This is basically the same process as for parallel circuits. Let’s use the same problem as above, but now the circuit is hooked up in parallel:

In this case, to get total resistance, you use the formula 1/Rt = 1/R1 + 1/R2 + 1/R3. This looks scarier than it is. to get a reciprocal (one divided by a number) on a calculator, you simply plug in the number, hit the divided by sign, then the equals sign. The calculator will do all the dirty work for you, but you should try doing them in your head sometimes, ’cause you never know when the calculator might stop working when you need to figure something out! So:

1/Rt = 1/25Ω + 1/50Ω + 1/35Ω = .04 + .02 + 0.0286 = 0.0886

This is the reciprocal of the total resistance (this is also called the “conductance”), so we take the reciprocal of this and get a total resistance: 11.287Ω. A total resistance of less than each of the parts? Yes, this example illustrates two things about parallel circuits: first, the numbers are rarely as “pretty” as in series circuits. Secondly, the total resistance of a parallel circuit is always less than the lowest partial resistance. If it’s not, then you calculated something incorrectly.

So now, as before, we know the voltage (220V) and the resistance (11.287Ω). To figure out the total current, we use Ohm’s Law ( E = I * R ): 220V = I * 11.287Ω so I = 19.49 amps. You can now easily figure out the power produced: P = 19.49A * 220V = 4287.8 watts of power (or 4.3 kW).

Using the same resistors and voltage, you’re generating more than ten times the power by hooking things up in parallel!

Rounding out the lesson, you’re now trying to figure out the current drop across the resistors (remember, in a parallel circuit, current is divided, not voltage). Use the Current Divider Formula: Irx = It ( Rt / Rx )

Here are the values plugged in for the first resistor: Ir1 = 19.49A ( 11.28Ω / 25Ω ) = 8.794 A.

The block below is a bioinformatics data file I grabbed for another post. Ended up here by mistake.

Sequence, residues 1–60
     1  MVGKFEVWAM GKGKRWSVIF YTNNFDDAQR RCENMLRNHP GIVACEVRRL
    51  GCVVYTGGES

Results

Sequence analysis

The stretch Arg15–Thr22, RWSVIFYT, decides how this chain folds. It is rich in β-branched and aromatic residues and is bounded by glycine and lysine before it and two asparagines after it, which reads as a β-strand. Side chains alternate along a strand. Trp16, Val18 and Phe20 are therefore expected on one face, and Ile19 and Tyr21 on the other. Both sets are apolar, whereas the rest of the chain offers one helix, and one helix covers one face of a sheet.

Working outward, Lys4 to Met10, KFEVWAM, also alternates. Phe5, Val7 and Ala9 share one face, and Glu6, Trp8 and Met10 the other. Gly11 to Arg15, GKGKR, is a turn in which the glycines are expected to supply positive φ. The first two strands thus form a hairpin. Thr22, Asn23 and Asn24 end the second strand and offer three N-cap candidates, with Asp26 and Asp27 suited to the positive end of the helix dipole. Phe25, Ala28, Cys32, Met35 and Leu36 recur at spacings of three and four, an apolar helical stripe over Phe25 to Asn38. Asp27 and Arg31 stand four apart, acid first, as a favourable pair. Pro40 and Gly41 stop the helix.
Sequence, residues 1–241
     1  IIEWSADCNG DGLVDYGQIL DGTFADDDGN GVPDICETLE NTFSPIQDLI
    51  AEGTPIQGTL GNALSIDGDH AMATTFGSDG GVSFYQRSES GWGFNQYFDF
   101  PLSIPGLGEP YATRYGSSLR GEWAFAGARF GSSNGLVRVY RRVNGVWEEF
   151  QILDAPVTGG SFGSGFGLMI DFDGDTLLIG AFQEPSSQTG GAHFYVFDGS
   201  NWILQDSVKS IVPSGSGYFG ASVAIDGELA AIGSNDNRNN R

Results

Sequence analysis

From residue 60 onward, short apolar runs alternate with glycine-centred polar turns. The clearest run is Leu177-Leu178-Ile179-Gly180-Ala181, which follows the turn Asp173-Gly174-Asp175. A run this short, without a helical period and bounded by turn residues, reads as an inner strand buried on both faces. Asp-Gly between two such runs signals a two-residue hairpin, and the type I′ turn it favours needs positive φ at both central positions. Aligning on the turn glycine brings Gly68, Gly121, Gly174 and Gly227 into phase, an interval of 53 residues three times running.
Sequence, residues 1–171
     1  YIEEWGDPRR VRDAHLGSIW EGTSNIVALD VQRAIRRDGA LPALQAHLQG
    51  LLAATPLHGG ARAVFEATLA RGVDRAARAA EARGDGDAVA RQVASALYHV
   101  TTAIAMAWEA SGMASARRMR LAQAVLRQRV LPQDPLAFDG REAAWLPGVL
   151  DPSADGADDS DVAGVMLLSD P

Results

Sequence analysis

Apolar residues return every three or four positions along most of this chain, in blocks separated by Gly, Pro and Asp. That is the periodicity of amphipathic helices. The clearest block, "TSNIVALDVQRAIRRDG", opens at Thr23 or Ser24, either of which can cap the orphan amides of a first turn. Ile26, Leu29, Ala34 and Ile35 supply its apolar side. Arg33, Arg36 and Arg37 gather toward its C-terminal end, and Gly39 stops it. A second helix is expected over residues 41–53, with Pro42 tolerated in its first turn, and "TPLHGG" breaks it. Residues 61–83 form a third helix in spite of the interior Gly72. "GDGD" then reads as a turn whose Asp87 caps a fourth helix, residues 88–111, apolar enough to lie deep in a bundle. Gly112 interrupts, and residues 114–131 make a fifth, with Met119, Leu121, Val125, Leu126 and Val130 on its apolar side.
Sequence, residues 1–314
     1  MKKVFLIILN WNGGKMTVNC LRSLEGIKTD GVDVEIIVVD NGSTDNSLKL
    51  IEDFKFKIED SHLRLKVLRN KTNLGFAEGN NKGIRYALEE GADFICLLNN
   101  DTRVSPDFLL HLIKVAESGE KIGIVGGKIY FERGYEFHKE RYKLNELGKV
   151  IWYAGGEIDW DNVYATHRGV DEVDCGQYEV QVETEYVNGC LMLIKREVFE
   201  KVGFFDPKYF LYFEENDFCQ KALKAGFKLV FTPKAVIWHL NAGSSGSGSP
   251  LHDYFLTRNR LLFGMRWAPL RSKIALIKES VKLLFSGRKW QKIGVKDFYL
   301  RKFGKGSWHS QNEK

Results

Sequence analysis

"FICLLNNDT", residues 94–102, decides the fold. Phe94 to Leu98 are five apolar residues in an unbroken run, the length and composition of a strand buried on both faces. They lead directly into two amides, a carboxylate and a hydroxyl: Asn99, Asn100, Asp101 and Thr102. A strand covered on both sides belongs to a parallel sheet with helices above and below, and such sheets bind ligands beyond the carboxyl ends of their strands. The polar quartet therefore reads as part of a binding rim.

Here are the values plugged in for the second resistor: Ir2 = 19.49A ( 11.28Ω / 50Ω ) = 4.397 A.
Here are the values plugged in for the third resistor: Ir3 = 19.49A ( 11.28Ω / 35Ω ) = 6.281 A.

To check your numbers, use Kirchoff’s Current Law, and add up the current drops:
8.794 A + 4.397 A + 6.281 A = 19.472 A, which is the same as above, save my rounding. This is why it’s important to keep numbers true to the highest number of decimal places you can… your work will be that much more accurate.

Again, if you want to figure out the power available at any point, use the same process as for the series circuit.

Congratulations! You’ve now mastered simple series and parallel circuits. That’s a lot to know. Next time, we’ll take a look at how to deal with more complex circuits, like the ones you might encounter in your alternative energy generating system, and also talk about why all this math is important to you when all you want to do is drop off the grid and tune out. I found that this stuff didn’t really cement in my head until I tried figuring out practical problems with them, so I’d recommend you do a little practice session, perhaps using the problems found at Open DNS: Ohm’s Law Practice 1, and Ohm’s Law Practice 2. Or try this site if you like to “play and learn”: Ohm’s Law Battleship Game, where your shots won’t land unless you can solve some problems along the way. See you next time, captain!